‘It is for Parliament, and in particular the Speaker and the Lord Speaker to decide what to do next. Unless there is some Parliamentary rule of which we are unaware, they can take immediate steps to enable each House to meet as soon as possible. It is not clear to us that any step is needed from the Prime Minister, but if it is, the court is pleased that his counsel have told the court that he will take all necessary steps to comply with the terms of any declaration made by this court.
‘It follows that the Advocate General’s appeal in the case of Cherry is dismissed and Mrs Miller’s appeal is allowed. The same declarations and orders should be made in each case.’
The 11 Supreme Court judges who ruled on the key Brexit case
Lady Hale, Lord Reed, Lord Carnwath, Lord Lloyd-Jones, Lord Hodge, Lord Wilson, Lady Arden, Lady Black, Lord Sales, Lord Kerr and Lord Kitchin will make the final ruling in the Supreme Court (pictured top left to bottom right)
These are the 11 Supreme Court judges who considered the legal challenges to Prime Minister Boris Johnson’s decision to suspend Parliament:
– Lady Hale, 74, was appointed the first female president of the Supreme Court in 2017 after a varied career as an academic lawyer, law reformer and judge.
A long-standing champion of diversity in the judiciary, she became the first female justice of the court in October 2009, and was appointed deputy president in June 2013.
During her time as deputy president, Yorkshire-born Lady Hale ruled on numerous high-profile cases, including the Brexit appeal.
– Lord Reed, 63, was appointed deputy president of the Supreme Court in June last year and will replace Lady Hale when she retires in January.
One of the court’s two Scottish justices, he previously served as a judge in Scotland and sometimes sits as a judge at the European Court of Human Rights and the Hong Kong Court of Final Appeal.
He was educated at the universities of Edinburgh and Oxford before qualifying as an advocate in Scotland and a barrister in England and Wales.
– Lord Kerr, 71, is the first justice of the court to come from Northern Ireland, where he served as Lord Chief Justice from 2004 to 2009.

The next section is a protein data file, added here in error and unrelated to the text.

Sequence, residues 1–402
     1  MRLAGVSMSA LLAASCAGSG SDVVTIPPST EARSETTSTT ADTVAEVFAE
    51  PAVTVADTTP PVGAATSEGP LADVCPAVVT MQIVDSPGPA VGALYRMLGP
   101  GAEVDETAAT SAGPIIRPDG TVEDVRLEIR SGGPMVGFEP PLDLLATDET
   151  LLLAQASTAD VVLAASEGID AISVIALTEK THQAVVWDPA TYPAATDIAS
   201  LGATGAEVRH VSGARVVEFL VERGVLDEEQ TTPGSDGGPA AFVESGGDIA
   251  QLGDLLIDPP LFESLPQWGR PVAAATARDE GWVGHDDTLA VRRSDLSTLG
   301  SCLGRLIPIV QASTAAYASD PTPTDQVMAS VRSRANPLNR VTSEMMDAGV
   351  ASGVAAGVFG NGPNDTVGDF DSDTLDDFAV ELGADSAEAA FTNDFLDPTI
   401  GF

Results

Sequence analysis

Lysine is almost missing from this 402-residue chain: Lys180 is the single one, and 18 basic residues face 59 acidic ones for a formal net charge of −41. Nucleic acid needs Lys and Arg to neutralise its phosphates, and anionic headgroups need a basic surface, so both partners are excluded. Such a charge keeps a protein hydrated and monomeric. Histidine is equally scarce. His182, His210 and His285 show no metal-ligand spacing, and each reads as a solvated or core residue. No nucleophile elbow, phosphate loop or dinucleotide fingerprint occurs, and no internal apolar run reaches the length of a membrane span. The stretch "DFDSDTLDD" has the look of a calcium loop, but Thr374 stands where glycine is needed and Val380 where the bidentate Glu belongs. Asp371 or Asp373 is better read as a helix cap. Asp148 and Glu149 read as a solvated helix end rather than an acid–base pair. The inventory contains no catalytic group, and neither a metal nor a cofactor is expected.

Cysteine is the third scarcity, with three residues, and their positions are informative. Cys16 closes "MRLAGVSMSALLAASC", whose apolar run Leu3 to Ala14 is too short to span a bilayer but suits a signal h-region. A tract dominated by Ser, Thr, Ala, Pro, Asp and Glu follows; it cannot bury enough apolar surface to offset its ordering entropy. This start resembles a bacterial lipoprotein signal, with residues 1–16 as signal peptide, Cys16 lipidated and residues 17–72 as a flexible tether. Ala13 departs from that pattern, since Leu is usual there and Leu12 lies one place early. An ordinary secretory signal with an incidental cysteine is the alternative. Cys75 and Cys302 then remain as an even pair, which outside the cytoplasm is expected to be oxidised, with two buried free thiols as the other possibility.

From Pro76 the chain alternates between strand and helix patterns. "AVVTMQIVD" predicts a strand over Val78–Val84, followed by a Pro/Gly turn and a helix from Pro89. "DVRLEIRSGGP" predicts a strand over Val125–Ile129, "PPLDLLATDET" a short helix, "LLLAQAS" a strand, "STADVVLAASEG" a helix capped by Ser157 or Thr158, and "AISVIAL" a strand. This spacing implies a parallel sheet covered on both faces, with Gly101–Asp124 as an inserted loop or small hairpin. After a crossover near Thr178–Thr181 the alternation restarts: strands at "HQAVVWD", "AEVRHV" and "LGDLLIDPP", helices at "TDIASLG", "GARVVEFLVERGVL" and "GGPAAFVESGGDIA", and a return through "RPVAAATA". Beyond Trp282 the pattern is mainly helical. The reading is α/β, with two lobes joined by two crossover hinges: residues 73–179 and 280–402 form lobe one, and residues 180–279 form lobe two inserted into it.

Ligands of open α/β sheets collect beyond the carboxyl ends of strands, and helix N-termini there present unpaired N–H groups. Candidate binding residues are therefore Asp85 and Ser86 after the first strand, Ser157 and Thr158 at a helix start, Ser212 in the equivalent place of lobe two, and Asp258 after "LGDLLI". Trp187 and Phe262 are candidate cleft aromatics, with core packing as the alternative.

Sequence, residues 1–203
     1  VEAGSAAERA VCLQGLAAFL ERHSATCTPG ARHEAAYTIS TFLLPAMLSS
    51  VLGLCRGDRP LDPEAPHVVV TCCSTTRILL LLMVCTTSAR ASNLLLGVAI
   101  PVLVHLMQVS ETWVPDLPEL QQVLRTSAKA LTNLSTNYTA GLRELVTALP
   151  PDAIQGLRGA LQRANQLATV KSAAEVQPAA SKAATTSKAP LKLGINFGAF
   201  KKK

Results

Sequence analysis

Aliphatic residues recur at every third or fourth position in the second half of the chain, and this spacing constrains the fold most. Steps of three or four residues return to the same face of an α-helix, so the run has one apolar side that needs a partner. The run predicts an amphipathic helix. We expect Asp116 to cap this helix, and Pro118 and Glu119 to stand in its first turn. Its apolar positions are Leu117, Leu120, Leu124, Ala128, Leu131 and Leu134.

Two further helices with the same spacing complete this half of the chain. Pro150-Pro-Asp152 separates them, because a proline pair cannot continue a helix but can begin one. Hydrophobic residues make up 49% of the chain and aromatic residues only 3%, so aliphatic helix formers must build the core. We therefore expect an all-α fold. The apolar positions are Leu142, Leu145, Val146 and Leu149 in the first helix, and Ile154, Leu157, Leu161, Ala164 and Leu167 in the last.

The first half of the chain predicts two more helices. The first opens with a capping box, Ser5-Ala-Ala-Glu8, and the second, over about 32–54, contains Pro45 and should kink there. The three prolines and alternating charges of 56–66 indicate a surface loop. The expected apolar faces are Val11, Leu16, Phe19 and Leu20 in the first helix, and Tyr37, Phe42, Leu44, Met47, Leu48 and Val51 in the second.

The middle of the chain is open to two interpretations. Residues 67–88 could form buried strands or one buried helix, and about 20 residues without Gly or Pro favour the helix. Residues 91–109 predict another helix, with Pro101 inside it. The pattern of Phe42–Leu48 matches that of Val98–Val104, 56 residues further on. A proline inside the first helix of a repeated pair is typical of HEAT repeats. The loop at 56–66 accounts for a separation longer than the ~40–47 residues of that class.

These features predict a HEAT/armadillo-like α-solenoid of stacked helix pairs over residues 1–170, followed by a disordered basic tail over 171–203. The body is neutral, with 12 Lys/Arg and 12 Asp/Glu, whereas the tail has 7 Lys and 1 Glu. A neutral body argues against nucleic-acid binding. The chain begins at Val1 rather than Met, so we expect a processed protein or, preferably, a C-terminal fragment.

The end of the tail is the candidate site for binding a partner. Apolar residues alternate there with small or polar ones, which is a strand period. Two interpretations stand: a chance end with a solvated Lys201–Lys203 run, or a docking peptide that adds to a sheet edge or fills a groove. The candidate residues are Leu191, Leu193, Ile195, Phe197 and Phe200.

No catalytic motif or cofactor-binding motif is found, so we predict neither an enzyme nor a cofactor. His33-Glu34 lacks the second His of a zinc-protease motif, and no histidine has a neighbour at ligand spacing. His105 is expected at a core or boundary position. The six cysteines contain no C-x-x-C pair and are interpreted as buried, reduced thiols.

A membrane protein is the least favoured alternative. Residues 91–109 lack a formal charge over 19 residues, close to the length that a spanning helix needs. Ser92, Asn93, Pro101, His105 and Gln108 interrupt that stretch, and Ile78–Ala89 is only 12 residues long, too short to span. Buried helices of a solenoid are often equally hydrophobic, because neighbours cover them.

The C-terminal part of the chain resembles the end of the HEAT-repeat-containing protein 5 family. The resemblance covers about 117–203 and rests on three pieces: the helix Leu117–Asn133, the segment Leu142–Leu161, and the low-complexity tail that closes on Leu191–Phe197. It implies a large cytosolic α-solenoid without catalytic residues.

Educated at St Colman’s College, Newry, and Queen’s University, Belfast, he was called to the Bar of Northern Ireland in 1970, and to the Bar of England and Wales in 1974.
– Lord Wilson, 74, was appointed in 2009, having previously been a judge in the High Court’s family division and the Court of Appeal.
– Lord Carnwath, 74, studied at Cambridge and was called to the Bar in 1968. He served as Attorney General to the Prince of Wales from 1988 to 1994.
While a judge of the Chancery Division, he was also chairman of the Law Commission and, between 2007 and 2012, was Senior President of Tribunals.
– Lord Hodge, 66, the court’s other Scottish justice, was previously the Scottish judge in Exchequer Causes, one of the Scottish intellectual property judges, a judge in the Lands Valuation Appeal Court and a commercial judge.
– Lady Black, 65, a justice since 2017, carried out a broad range of civil and criminal work during her early career as a barrister before specialising in family law.
She has served as a High Court judge and Lady Justice of Appeal.
Lady Black taught law at Leeds Polytechnic in the 1980s, was a founding author of the definitive guide to family law practice in England and Wales, and continues to serve as a consulting editor.
– Lord Lloyd-Jones, 67, was born and brought up in Pontypridd, South Wales, where his father was a school teacher, and is the court’s first justice to come from Wales.
A Welsh speaker, he was appointed to the High Court in 2005, and acted as adviser to the court in the Pinochet litigation before the House of Lords.
– Lady Arden, 72, who grew up in Liverpool, began her judicial career in 1993 after working as a barrister, QC, and Attorney General of the Duchy of Lancaster.
She became a member of the Permanent Court of Arbitration in The Hague in 2011, and sits as a judge of the European Court of Human Rights in Strasbourg.
– Lord Kitchin, 64, was called to the Bar in 1977 and his practice covered intellectual property, including patents, trademarks, copyright, designs and trade secrets.
He has also served as a High Court judge and as a Lord Justice of Appeal.
– Lord Sales, 57, is the youngest of the court’s justices and was appointed in January, having worked as a barrister and QC before his appointment to the High Court in 2008.
He was vice-president of the Investigatory Powers Tribunal, served as deputy chairman of the Boundary Commission for England and was appointed as a Lord Justice of Appeal.